Selective laser sintering (SLS), a form of 3D printing, is becoming an increasingly wide-spread method for polymer manufacturing. However, as SLS is a relatively modern form of technology, research into the degradation of sintered polymers due to ultraviolet radiation is limited. As polymers are commonly used in outdoor applications, behaviour under UV exposure is an important indicator of material reliability. Therefore, this study assesses the degradation of injection moulded and sintered nylon 12 through natural and accelerated exposure to ultraviolet (UV) light. The rate of tensile strength degradation of sintered nylon in comparison to injection moulded nylon and the relative effect of natural and accelerated exposure on tensile strength is studied. The natural exposure occurred over a span of 22 weeks with tensile testing conducted at intervals to determine the rate of degradation. The natural exposure consisted of two testing boxes, exposure to UV, visible and infrared radiation (UV transmitted) and exposure to visible and infrared radiation (UV blocked). After 22 weeks of natural exposure, the tensile strength of the UV transmitted nylon has decreased by approximately 19.0% and 3.6% for the injection moulded and sintered parts, respectively. In contrast, the strength of nylon exposed to only visible and infrared wavelengths (UV blocked) has decreased by 7.4% and increased by 2.5% for the injection moulded and sintered parts, respectively. The accelerated testing caused a 4.5% and 3.1% reduction in the tensile strength of the injection moulded and sintered parts, respectively. We suggest the differences between the rates of injection moulded and sintered nylon degradation may be due to differences in the material microstructure, primarily the degree of crystallinity.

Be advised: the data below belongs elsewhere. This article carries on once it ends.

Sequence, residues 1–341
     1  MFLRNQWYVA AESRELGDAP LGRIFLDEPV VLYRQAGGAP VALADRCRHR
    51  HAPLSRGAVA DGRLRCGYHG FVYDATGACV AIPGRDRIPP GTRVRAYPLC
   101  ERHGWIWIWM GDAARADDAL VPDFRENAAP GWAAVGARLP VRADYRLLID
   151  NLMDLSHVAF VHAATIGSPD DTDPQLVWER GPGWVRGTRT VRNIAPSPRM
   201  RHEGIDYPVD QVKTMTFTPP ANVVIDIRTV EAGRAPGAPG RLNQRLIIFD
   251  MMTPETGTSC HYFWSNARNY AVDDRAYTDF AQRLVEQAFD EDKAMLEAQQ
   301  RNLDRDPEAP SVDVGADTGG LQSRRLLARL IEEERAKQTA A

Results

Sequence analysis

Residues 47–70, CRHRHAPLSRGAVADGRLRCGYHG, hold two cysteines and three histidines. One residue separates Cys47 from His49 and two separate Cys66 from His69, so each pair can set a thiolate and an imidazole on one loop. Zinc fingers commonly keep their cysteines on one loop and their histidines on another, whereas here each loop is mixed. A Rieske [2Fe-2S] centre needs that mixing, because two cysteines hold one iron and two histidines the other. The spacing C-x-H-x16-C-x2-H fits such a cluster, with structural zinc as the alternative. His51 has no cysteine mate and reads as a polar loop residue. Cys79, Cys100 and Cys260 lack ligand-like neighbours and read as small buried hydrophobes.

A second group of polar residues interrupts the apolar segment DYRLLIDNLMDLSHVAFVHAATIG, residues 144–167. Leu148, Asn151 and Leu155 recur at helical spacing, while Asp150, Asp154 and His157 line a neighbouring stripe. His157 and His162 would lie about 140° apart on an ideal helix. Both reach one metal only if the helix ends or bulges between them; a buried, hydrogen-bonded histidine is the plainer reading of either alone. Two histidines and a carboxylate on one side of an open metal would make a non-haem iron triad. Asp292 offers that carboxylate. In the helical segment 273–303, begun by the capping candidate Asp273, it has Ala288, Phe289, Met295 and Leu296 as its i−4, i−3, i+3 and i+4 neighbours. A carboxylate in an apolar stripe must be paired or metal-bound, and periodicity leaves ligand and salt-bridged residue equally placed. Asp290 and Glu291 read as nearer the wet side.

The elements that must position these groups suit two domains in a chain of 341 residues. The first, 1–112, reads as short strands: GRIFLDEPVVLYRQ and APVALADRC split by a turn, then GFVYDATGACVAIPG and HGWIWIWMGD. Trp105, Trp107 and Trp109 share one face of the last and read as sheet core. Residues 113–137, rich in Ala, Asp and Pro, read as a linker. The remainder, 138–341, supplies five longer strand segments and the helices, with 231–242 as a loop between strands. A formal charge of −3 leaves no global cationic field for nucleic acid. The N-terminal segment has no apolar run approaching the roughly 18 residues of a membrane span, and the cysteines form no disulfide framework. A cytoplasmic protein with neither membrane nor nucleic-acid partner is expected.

Shrena Shah completed this project for her Mechanical Engineering Masters project. She was supervised by Tim Sercombe in Materials Engineering and worked closely with the SHL research engineers on the UV testing.